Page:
The quick-thinking skills required in video games may be more helpful than crossword puzzles in slowing or even reversing declines in brain function that come with aging.
Researchers from the University of Iowa report in the journal PLoS One on a study of 681 healthy adults over the age of 50 who were assigned to play either a video game called Road Tour or complete a computerized crossword puzzle. The video game required players to identify an image of a car, displayed only fleetingly at the start of the game, to a similar image as well as a matching road sign from a series of constantly changing options, most of which are red herrings. With each successive stage of the game, players received less time to complete their matches, so they needed to rely on their quick-thinking and processing skills to complete the game.
After playing for 10 hours, either in the lab or at home, players gained the equivalent of three years of cognitive “reserve,” according to the researchers’ calculations, when they were tested on mental skills a year later. That meant that these players showed cognitive functions that could hold off declines in memory and other executive functions such as planning and reasoning for about three years compared with those who completed crossword puzzles. And the more training the participants got with the game, the better; those who played for an additional four hours seemed to hold back cognitive decline by about four years.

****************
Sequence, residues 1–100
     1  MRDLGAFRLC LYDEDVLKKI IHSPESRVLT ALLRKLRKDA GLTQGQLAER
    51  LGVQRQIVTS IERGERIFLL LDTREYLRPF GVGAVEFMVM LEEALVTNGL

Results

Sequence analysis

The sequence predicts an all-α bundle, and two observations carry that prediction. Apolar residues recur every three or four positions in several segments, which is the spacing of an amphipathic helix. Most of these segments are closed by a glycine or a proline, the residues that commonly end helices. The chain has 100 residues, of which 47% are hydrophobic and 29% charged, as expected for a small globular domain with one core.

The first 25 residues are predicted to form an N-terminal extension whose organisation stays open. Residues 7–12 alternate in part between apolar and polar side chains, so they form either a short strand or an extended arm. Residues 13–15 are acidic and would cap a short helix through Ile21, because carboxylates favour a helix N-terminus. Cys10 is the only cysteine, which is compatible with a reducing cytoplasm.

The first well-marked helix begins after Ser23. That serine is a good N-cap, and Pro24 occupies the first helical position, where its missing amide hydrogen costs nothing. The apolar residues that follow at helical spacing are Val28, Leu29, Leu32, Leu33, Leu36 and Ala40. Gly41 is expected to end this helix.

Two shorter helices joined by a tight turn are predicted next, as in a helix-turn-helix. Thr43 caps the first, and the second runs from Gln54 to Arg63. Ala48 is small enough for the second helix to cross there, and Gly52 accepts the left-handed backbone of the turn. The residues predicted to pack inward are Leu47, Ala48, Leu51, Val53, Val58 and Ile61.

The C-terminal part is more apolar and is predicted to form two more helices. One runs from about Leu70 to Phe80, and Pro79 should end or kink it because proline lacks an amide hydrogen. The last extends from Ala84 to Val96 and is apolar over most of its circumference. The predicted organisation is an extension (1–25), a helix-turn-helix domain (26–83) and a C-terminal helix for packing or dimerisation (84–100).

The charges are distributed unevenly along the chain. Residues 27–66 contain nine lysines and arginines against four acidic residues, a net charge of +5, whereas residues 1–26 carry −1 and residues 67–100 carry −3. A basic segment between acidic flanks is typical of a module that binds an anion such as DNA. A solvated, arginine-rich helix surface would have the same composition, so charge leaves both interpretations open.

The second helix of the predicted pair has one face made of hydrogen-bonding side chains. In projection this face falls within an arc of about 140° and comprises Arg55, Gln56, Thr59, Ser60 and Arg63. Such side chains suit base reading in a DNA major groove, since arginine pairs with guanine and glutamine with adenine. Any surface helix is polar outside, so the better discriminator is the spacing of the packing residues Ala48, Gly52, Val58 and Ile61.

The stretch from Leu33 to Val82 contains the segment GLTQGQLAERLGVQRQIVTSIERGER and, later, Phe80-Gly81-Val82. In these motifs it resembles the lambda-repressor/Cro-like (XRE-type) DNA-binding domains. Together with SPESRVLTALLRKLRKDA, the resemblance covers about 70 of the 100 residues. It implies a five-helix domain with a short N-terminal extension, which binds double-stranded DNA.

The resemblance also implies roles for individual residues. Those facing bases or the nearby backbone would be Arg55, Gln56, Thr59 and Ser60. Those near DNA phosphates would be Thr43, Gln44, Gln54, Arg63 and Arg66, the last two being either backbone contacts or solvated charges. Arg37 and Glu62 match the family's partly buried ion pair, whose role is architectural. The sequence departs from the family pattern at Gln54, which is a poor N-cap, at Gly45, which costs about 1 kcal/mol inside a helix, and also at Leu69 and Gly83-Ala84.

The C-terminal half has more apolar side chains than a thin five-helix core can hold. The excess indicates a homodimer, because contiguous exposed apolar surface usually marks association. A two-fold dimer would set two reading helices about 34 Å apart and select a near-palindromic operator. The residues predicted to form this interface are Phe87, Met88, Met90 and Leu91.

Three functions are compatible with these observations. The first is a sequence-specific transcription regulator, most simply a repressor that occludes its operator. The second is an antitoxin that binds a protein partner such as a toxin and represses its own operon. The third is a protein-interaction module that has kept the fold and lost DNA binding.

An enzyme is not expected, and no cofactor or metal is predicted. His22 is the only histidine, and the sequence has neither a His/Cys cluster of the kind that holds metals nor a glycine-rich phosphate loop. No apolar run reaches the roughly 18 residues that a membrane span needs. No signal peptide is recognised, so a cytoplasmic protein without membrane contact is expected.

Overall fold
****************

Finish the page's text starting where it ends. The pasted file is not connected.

Compared with the group that completed crossword puzzles, the video-game players also scored higher on tests of concentration, were able to switch more ably between different tasks, and process new information more quickly.
It’s not the first study to link video games to improved cognitive function, but most previous studies relied on brain-teaser games like Brain Age that specifically tap into executive-function skills. Road Tour required more rapid mental processing, rather than deeper intellectual thought, but still demonstrated benefits in not only preventing decline but also speeding up the progress of this protection.
“We know that we can stop this decline and actually restore cognitive processing speed to people,” study author Fredric Wolinsky, a professor in the University of Iowa College of Public Health said in a statement. “So, if we know that, shouldn’t we be helping people? It’s fairly easy, and older folks can go get the training game and play it.”
With executive functions such as memory, attention, problem solving and perception skills starting to decline in middle age, the researchers hope that relatively simple strategies like playing video games might help more people to avoid, and possibly prevent, some of the cognitive declines that come with aging. “It’s the ‘use it or lose it’ phenomenon,” Wolinsky said in the statement. “Age-related cognitive decline is real, it’s happening, and it starts earlier and then continues steadily. The good news is we can do something about it. The question is, will we?”